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Frequently Asked Questions

Q: In layman's terms, can you tell me how RSE saves energy?

A: RSE saves energy by reducing the wasted energy all over a facility. If there wasn't any wasted energy,
RSE wouldn't be able to save you a cent! Motors, lighting systems, wiring, mechanical terminations, distribution panels, protective devices, transformers, switch gear, and all end of circuit equipment experience a variety of resistance. These inefficiencies combine to create an average wattage loss in a typical facility of more than twenty percent (20%) of the total demand power. RSE works to identify and calculate the sum of the individual contributing loss components and then provide the corrective measures required.

Q: If one EasiLiner can save ten percent (10%) on a motor, will two EasiLiners save twenty percent (20%)?

A: No. Each EasiLiner is optimally selected to function for that specific motor. Adding a second EasiLiner to a motor creates overcorrection, which causes the motor it's treating to consume more reactive power.

Q: How does the EasiLiner reduce the current in the motor circuit?

A: Let us begin by studying the motor current and capacitor current. The EasiLiner reduces the current in the motor circuit as follows:

The motor circuit is comprised of two types of current - Real Current and Reactive Current. The Real Current does the actual work at the motor shaft. This current is perfectly aligned with the voltage waveform.


The Reactive Current does the work that makes the motor rotate. This current is lagging the voltage waveform by ninty degrees (90°). The EasiLiner Current leads the voltage waveform by ninty degrees (90°), creating a difference of one-hundred-eighty degrees (180°) between the EasiLiner current and the motor's Reactive Current, effectively cancelling each other out.

By sizing the EasiLiner correctly, the reactive current is cancelled out and the real current remains unaffected, creating a positive outcome for your Client.

Q: Why do motors run cooler when treated with the EasiLiner?

A: The reason motors run cooler when treated with an EasiLiner is due to the voltage drop across the branch circuit that is feeding the motor. As the full motor current flows through the branch circuit, there is resistance across the line, which reduces the voltage the motor is receiving at its terminals than what is at the source.

Current = I, Resistance = R, Voltage Drop = Vd :: I * R = Vd
Voltage Source = Vs, Terminal Voltage = Vt :: Vs = Vd + Vt
Power (in Watts) = P, Voltage = V :: P = V * I (1 HP = 735.5W to 750W, depending on various standards)


By the EasiLiner reducing this current, this voltage drop is reduced; therefore, the motor terminals get a higher voltage. In order to understand the motor's temperature, we need to assume that the motor is running at its rated load. When motors are running at their rated load, they need to run at their rated voltage. This is due to torque being a function of voltage. When the motor is running at its rated voltage, and suddenly gets less voltage (for whatever reason), then the motor will have less torque. The motor will then draw more current to compensate for this shortfall of torque. This excess current, which will exceed the rated current of the motor, will overheat the motor's windings. This is why some appliance motors burn at home when prolonged brownout condition occurs. By installing an EasiLiner at the motor's terminals, we reduce the current through the branch circuit; therefore, we reduce the voltage in the branch circuit, get better voltage at the motor terminals, drive the motor's load more easily, thereby reducing the temperature of the motor.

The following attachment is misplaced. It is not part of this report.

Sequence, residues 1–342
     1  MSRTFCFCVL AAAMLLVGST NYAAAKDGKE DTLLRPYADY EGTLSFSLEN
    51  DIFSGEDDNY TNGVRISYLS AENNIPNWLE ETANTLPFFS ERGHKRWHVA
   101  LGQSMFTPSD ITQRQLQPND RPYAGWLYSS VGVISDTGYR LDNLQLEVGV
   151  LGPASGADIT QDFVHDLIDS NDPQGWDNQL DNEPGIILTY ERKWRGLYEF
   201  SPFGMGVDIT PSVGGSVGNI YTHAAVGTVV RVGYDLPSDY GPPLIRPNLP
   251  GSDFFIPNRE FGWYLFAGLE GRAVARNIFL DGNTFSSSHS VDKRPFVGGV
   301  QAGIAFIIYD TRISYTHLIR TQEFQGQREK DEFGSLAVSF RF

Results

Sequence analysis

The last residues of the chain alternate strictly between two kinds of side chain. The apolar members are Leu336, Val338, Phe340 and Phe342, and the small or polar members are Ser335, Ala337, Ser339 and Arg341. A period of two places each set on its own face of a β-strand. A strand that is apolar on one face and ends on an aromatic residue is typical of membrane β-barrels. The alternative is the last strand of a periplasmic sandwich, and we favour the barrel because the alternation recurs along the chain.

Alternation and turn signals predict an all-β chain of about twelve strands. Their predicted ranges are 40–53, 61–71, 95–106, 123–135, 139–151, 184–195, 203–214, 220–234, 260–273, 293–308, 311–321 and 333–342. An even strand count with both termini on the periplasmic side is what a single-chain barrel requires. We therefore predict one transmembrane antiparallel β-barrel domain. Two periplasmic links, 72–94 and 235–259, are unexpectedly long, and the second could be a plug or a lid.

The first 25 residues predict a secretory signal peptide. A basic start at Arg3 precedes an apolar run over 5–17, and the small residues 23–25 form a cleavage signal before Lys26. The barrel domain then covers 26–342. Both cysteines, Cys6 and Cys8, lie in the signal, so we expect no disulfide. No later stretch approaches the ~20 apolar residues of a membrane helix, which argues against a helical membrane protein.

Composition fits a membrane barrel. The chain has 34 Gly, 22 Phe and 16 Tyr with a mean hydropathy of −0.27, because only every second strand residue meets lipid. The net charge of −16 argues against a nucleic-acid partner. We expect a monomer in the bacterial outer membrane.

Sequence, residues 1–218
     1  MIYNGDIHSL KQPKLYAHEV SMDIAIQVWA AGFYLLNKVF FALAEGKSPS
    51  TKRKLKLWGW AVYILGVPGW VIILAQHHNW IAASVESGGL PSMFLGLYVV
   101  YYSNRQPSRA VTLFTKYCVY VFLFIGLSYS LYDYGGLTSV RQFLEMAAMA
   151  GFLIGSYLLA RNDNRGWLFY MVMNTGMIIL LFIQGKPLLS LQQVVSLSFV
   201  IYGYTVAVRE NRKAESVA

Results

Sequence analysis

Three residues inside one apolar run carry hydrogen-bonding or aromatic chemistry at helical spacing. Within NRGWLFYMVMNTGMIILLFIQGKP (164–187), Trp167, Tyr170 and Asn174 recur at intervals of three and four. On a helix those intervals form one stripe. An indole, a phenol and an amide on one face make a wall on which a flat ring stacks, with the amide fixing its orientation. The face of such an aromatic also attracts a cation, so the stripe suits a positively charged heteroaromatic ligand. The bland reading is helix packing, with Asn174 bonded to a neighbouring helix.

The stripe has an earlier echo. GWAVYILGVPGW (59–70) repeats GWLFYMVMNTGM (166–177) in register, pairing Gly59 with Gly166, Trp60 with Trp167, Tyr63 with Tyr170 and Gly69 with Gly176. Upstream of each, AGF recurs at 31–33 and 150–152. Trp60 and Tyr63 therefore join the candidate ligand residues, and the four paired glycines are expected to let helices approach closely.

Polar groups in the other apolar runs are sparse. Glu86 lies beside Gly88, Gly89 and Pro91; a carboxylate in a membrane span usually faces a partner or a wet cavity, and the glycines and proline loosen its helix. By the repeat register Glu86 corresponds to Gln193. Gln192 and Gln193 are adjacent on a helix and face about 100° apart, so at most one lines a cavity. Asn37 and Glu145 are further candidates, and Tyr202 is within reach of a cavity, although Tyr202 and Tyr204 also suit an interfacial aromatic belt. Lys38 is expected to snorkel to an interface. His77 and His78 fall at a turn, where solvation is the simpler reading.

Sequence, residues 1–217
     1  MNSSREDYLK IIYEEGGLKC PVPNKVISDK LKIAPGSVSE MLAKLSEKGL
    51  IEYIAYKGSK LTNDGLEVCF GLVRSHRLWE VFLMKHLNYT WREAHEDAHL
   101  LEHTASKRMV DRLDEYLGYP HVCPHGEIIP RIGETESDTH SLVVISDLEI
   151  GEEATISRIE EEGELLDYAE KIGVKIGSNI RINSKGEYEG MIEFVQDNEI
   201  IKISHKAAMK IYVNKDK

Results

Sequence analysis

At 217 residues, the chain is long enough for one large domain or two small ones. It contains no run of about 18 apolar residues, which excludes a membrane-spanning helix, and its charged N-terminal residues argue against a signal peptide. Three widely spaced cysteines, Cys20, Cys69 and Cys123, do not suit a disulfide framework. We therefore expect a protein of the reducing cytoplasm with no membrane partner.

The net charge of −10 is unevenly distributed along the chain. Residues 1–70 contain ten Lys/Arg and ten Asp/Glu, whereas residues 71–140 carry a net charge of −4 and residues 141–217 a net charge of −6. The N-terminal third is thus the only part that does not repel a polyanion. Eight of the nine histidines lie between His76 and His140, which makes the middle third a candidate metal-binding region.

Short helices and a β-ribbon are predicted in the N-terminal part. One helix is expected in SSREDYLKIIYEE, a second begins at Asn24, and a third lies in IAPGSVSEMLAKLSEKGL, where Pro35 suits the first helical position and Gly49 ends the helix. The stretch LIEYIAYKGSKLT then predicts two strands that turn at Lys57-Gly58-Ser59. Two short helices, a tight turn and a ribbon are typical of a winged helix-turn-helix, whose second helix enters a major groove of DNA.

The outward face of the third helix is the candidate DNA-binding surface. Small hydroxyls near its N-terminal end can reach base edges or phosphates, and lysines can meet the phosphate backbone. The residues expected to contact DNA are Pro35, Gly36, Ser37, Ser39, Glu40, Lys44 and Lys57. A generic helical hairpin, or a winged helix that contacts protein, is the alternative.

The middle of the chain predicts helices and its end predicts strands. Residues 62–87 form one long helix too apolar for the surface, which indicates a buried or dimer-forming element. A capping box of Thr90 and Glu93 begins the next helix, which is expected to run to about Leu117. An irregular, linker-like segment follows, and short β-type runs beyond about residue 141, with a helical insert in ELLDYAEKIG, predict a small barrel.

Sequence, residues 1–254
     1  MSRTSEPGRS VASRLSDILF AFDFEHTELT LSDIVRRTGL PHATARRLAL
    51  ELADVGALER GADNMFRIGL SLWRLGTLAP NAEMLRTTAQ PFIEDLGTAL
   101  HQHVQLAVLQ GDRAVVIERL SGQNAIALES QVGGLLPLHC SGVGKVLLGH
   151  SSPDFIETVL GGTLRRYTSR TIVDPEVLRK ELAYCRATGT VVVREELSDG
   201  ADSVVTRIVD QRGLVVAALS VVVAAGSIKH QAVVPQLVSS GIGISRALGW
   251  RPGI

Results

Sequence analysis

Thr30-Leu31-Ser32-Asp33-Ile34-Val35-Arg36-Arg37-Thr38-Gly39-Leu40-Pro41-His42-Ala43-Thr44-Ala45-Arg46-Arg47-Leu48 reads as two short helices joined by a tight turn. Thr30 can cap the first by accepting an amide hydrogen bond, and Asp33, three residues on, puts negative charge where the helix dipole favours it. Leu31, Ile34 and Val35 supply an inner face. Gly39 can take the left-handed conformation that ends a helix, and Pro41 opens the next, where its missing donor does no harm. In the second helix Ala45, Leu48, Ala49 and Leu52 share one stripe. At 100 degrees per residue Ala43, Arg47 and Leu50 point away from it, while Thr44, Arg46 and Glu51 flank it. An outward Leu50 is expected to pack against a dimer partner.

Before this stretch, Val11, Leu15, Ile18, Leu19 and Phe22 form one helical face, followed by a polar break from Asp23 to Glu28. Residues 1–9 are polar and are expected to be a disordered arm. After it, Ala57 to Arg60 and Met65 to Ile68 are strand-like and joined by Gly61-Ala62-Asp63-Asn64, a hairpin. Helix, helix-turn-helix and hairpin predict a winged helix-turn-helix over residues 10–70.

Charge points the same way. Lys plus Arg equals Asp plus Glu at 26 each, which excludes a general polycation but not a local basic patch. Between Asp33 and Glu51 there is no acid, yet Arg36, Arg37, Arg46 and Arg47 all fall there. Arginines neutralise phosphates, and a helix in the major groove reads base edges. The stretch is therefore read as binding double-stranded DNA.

Q: The plant Engineer claims that his plant distribution system losses are negligible (less than one percent [1%]). How can we demonstrate that we can help him?

A: Please see the question "How does the EasiLiner save electricity?"

Q: How does the EasiLiner save electricity?

A: Total Power (Tp) = Distribution Losses (Dl) + Power Consumed By Motors (Pm)

The EasiLiner reduces the current through the distribution system, hence reducing the distribution losses in the above equation. Assuming we could eliminate the distribution losses in the equation completely (Dl = 0), then Tp equals Pm.

Q: Can motors with "Run" Capacitors be treated?

A: Single Phase Motors need these "Run" Capacitors to start and run; therefore, they are required to operate. These are not Power Factor Corrrection Capacitors; however, most air conditioning compressors and motors have a fairly high Power Factor and treatment would not bring any significant improvement. Single Phase Refrigeration Compressors and Single Phase Pumps all run at a low Power Factor and can be treated, regardless of those similiar to Start and Run Capacitors.

Q: Is a Run Capacitor the same as a Power Factor Capacitor?

A: The simple answer to this question is NO. Single Phase Motors have two windings. The Starting Window is in series with the capacitor, and while the motor is stopped and first energized, the motor does not create any torque. The current at the Start Winding is phase shifted with the current at the Run Winding, thus creating the Starting Torque.

Q: How do we know what type of Ballasts the lights are using?

A: Ballast Information is generally indicated on the actual ballast; however, as a "Rule of Thumb," the following generally applies: